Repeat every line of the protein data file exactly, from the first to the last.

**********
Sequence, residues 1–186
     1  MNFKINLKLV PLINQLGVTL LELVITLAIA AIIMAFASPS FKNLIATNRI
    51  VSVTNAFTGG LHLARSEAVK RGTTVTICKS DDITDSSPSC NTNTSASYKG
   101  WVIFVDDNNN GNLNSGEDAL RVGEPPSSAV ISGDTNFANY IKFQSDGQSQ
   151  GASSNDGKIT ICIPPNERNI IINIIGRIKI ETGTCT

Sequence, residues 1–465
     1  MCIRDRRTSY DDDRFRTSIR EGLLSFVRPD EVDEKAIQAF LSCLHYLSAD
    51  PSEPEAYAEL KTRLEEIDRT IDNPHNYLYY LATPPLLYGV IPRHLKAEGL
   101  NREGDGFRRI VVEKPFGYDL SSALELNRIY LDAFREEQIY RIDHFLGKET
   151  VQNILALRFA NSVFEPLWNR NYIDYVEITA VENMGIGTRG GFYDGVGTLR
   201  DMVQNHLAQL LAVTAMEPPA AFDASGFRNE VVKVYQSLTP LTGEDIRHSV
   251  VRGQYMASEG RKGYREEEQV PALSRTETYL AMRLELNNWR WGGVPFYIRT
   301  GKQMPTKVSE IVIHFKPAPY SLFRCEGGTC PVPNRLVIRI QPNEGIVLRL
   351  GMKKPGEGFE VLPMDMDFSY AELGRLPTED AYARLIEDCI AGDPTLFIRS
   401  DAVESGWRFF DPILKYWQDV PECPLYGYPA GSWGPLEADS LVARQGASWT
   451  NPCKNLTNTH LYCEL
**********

Sequence, residues 1–186
     1  MNFKINLKLV PLINQLGVTL LELVITLAIA AIIMAFASPS FKNLIATNRI
    51  VSVTNAFTGG LHLARSEAVK RGTTVTICKS DDITDSSPSC NTNTSASYKG
   101  WVIFVDDNNN GNLNSGEDAL RVGEPPSSAV ISGDTNFANY IKFQSDGQSQ
   151  GASSNDGKIT ICIPPNERNI IINIIGRIKI ETGTCT

Sequence, residues 1–465
     1  MCIRDRRTSY DDDRFRTSIR EGLLSFVRPD EVDEKAIQAF LSCLHYLSAD
    51  PSEPEAYAEL KTRLEEIDRT IDNPHNYLYY LATPPLLYGV IPRHLKAEGL
   101  NREGDGFRRI VVEKPFGYDL SSALELNRIY LDAFREEQIY RIDHFLGKET
   151  VQNILALRFA NSVFEPLWNR NYIDYVEITA VENMGIGTRG GFYDGVGTLR
   201  DMVQNHLAQL LAVTAMEPPA AFDASGFRNE VVKVYQSLTP LTGEDIRHSV
   251  VRGQYMASEG RKGYREEEQV PALSRTETYL AMRLELNNWR WGGVPFYIRT
   301  GKQMPTKVSE IVIHFKPAPY SLFRCEGGTC PVPNRLVIRI QPNEGIVLRL
   351  GMKKPGEGFE VLPMDMDFSY AELGRLPTED AYARLIEDCI AGDPTLFIRS
   401  DAVESGWRFF DPILKYWQDV PECPLYGYPA GSWGPLEADS LVARQGASWT
   451  NPCKNLTNTH LYCEL